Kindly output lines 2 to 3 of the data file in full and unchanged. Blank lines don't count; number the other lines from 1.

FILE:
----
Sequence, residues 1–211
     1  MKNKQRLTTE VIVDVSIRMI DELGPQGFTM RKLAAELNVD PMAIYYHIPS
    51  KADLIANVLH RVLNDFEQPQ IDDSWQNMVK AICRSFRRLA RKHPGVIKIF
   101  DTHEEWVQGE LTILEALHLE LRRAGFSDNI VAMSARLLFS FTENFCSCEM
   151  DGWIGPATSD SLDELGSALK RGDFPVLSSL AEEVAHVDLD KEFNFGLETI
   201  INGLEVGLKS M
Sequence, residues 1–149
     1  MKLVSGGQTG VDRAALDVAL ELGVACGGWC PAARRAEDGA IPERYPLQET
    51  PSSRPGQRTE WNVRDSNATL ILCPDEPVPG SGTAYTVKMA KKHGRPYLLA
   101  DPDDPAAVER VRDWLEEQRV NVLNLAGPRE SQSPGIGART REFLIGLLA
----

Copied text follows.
     1  MKNKQRLTTE VIVDVSIRMI DELGPQGFTM RKLAAELNVD PMAIYYHIPS
    51  KADLIANVLH RVLNDFEQPQ IDDSWQNMVK AICRSFRRLA RKHPGVIKIF